Accounting Services


  • Meaningful, well-organized financial records ensure that your business operations will run more efficiently on a daily basis and are the foundation of a successful business.
  • Our qualified staff can assist you with the day-to-day tasks associated with bookkeeping.
    Bookkeeping involves documenting the financial transactions of a company, not-for-profit, or person. Proper bookkeeping requires discipline, organization, and an understanding of common accounting principles.
  • By properly recording financial transactions and activities, you’ll find yourself in a much better position to make strategic financial decisions.

Financial Statements

  • Financial statements are financial records that track and report economic activities of a business, not-for-profit, person or other entity. Financial statements are important tools for business growth and are required by law for publicly traded firms.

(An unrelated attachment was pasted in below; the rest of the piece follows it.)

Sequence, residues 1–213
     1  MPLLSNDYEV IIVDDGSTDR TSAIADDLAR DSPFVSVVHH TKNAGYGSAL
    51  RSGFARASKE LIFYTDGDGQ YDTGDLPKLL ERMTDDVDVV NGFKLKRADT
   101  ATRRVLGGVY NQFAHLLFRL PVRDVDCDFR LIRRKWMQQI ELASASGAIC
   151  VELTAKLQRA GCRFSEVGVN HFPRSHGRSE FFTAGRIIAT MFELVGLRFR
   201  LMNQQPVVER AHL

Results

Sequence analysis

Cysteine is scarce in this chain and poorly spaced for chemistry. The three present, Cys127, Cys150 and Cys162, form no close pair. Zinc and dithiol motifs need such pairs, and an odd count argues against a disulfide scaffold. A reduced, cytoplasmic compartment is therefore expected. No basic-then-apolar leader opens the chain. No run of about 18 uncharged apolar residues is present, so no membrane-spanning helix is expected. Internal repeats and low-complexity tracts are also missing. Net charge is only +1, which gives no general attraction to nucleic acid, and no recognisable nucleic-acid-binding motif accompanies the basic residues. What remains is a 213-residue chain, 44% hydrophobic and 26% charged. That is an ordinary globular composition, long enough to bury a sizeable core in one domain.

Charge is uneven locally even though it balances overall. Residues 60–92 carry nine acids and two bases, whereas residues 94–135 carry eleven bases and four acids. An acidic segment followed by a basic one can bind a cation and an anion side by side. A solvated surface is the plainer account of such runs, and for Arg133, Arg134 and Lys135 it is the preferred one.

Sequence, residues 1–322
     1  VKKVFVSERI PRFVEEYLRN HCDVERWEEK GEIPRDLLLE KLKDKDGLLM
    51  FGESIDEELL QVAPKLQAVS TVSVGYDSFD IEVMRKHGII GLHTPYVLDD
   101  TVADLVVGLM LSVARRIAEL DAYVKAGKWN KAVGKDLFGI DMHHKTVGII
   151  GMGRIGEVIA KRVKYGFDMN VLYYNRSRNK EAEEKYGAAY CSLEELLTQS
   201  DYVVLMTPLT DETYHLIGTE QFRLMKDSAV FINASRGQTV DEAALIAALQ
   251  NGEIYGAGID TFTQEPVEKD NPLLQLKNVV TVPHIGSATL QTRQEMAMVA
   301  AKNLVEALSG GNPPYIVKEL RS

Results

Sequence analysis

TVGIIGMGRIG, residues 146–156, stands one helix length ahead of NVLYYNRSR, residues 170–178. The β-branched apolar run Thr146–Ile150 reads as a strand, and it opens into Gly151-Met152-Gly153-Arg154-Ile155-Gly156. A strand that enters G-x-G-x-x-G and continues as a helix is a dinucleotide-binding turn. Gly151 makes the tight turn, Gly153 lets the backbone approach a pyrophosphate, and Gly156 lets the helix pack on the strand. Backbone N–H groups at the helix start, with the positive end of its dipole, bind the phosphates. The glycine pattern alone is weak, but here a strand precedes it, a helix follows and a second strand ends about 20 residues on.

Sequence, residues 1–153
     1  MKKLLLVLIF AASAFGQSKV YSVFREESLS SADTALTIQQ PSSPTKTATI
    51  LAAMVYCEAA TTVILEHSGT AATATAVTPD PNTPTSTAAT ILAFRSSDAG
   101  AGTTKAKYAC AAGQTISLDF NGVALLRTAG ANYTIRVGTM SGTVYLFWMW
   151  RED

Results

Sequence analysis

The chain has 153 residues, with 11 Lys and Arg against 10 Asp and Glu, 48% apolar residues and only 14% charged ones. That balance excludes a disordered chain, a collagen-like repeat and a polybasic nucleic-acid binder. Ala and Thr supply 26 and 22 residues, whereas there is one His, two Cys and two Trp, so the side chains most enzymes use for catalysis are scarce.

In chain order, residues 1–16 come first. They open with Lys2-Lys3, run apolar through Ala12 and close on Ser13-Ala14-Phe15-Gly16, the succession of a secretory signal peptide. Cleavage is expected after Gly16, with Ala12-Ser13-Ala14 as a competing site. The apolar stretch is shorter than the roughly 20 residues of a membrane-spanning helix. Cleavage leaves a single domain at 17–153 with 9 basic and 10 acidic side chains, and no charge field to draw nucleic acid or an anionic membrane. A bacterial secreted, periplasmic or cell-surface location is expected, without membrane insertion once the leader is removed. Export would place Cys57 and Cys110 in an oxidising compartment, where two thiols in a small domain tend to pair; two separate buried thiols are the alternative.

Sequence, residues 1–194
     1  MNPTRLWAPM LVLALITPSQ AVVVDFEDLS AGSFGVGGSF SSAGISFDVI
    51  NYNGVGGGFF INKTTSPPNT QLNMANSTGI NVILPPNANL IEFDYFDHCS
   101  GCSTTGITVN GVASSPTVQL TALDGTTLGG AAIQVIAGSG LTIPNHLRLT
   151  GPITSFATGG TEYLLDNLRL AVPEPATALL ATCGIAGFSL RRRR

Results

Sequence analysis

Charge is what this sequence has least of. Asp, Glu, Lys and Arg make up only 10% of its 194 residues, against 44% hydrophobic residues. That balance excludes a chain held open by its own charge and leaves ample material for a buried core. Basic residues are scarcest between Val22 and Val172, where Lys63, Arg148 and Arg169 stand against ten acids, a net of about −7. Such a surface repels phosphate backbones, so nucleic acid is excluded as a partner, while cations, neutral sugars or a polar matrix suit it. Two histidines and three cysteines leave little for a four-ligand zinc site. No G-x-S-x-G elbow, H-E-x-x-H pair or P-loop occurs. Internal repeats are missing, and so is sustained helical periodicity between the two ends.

• There are four main financial statements to be aware of These include the:
  1. Income Statement: Also known as the profit and loss (P&L) statement, statement of revenue and expense, and statement of comprehensive income, the income statement shows the net profit or net loss over time. For businesses, the income statement is broken up into operating and non-operating parts. This financial statement can be used to calculate important figures like return on equity (ROE), operating profit, and gross profit over an accounting period.
  2. Balance Sheet: The balance sheet summarizes the assets, liabilities, and shareholders’ equity of an entity. Unlike the income statement, the balance sheet is fixed to a definitive point in time. The most important note to a balance sheet is that both sides must equal.
  3. Statement of Retained Earnings: This financial statement must be prepared using generally accepted accounting principles (GAAP). It can be a stand-alone financial statement or included in the income statement or balance sheet.
  4. Cash Flow Statement: This financial statement works in conjunction with the balance sheet and income statement. It records all cash and cash equivalents that come into and leave a company over an accounting period.
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